Thursday, March 29, 2012
A new Oklahoma state record largemouth bass was caught Friday, March 23, at Cedar Lake in southeast Oklahoma. The fish weighed 14 lbs. 12.3 oz. and was caught by Poteau angler Benny Williams, Jr. while on a camping trip at the 78-acre LeFlore Co. lake.
Williams caught the bass at 11 a.m. on a ¼ oz. Strike King jig. This fish measured 26 inches in length and 22 3/8 inches in girth.
Williams' fish breaks a state record held since 1999 when William Cross caught a 14-lb. 11.52-oz. bass from Broken Bow Lake.
"Catching the state record largemouth bass in Oklahoma is a big deal and catching a fish this large is a big deal," said Barry Bolton, chief of fisheries for the Oklahoma Department of Wildlife Conservation. "It speaks to the quality of fishing we have in Oklahoma and also to the anglers who get out there and fish for them. We congratulate him on his great catch."
The last two state record largemouth bass as well as several from the state's Top 20 Largemouth Bass List have been caught in the southern and southeast regions of the state. Fish are cold-blooded, so their metabolisms work faster in warmer conditions and they grow more rapidly. Lakes in the southeast region of the state tend to warm up earlier and cool off later in the year than in other regions, which affords these fish a longer growing season.
According to Gene Gilliland, assistant chief of fisheries for the Wildlife Department, Cedar Lake has been known to produce big largemouth bass for anglers in recent years - not only because of its southeastern location, but also because it has a history of receiving Florida strain largemouth bass through the state's stocking program.
"They grow pretty fast down in that part of the state," Gilliland said. "Cedar Lake has produced several double-digit fish in the last five years."
Anglers who believe they may have hooked a record fish must weigh the fish on an Oklahoma State Department of Agriculture certified scale, and a Wildlife Department employee must verify the weight. For a complete list of record fish and the procedures for certifying a state record, consult the current "Oklahoma Fishing Guide" or log on to wildlifedepartment.com.
Wednesday, March 28, 2012
When James D. Hitchens of Georgetown set out yesterday for his favorite Sussex County fishing hole, he planned to catch largemouth bass, baiting his line with a live shiner minnow. However, he didn’t expect to set a new state record with the big bass that took his bait. “I’ve never had one over eight pounds,” Hitchens said. “So I was hoping for over eight pounds.”
Hitchens got his wish and then some when he reeled in a 10-pound, 10-ounce female largemouth measuring 26 inches long and 18 3/4 inches in girth, as measured at Taylored Tackle Shop in Seaford and verified by DNREC Fisheries biologists Nathan Rust and Jordan Zimmerman. During the certification process, the tackle shop kept the fish in an aerated tank, and after it was measured and verified, Hitchens released it, alive, back into the pond where he caught it. "I put her right back where she came from," said Hitchens, a longtime Delaware angler. "I release all my big fish."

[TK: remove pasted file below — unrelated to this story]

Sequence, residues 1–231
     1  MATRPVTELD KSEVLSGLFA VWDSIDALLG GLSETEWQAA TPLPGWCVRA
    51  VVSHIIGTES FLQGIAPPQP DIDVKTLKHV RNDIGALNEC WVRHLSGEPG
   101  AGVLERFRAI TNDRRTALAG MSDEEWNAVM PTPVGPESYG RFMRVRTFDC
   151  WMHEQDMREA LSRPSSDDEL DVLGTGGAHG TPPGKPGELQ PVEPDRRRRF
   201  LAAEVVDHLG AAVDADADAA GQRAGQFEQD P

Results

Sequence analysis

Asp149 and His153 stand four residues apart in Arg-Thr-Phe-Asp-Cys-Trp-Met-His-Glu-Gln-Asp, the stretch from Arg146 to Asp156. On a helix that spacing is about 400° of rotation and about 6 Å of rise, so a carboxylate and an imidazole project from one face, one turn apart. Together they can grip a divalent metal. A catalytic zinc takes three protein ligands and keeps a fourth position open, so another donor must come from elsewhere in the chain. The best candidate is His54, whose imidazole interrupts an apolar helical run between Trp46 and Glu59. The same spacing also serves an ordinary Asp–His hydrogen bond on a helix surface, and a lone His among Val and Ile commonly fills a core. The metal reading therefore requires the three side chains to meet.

Fisheries staff applauded Hitchens’ good sportsmanship in releasing his record catch. "We encourage catch and release fishing in Delaware, especially with larger fish like this one," said Fisheries biologist Cathy Martin. "Not only will this fish be back out there for other anglers to enjoy, it should also see another spawning season to pass on its good genes to another generation of largemouth bass and thereby improve our bass stock."
Division of Fish and Wildlife Fisheries staff monitor Delaware’s freshwater ponds and their fish populations, Martin said. Biologists have a variety of tools for managing fisheries: specialized regulations such as slot limits, stocking programs to bolster the population, removing specific size groups to reduce overcrowding and balance populations, habitat changes such as removal of invasive species, and supplementing food supply, for example, by stocking shiners. "Having healthy fish the size of the new record-holder largemouth bass in our ponds is a good indicator of the success of these management practices," Martin added.
Since 1937, Delaware also has received funding from the federal Wildlife and Sportfish Restoration Program. Last year, the state Fisheries Section received about $3.5 million in federal matching funds to help support state fisheries restoration work, with Delaware fishing license fees supplying the match for the federal program.
“Later this year we will celebrate the 75th anniversary of this longstanding state and federal partnership, which is a great model for how to accomplish cost-effective resource management funded by those who directly benefit from the resource – the anglers. The general public benefits from this funding model and partnership as well,” said David Saveikis, Director of the Division of Fish and Wildlife. “Meanwhile, we also look forward to more signs of success from our Fisheries management practices.”
Friday, March 16, 2012
Photos of a mammoth spider devouring a bird in a Queensland backyard are sweeping email inboxes — and according to experts, it's all real.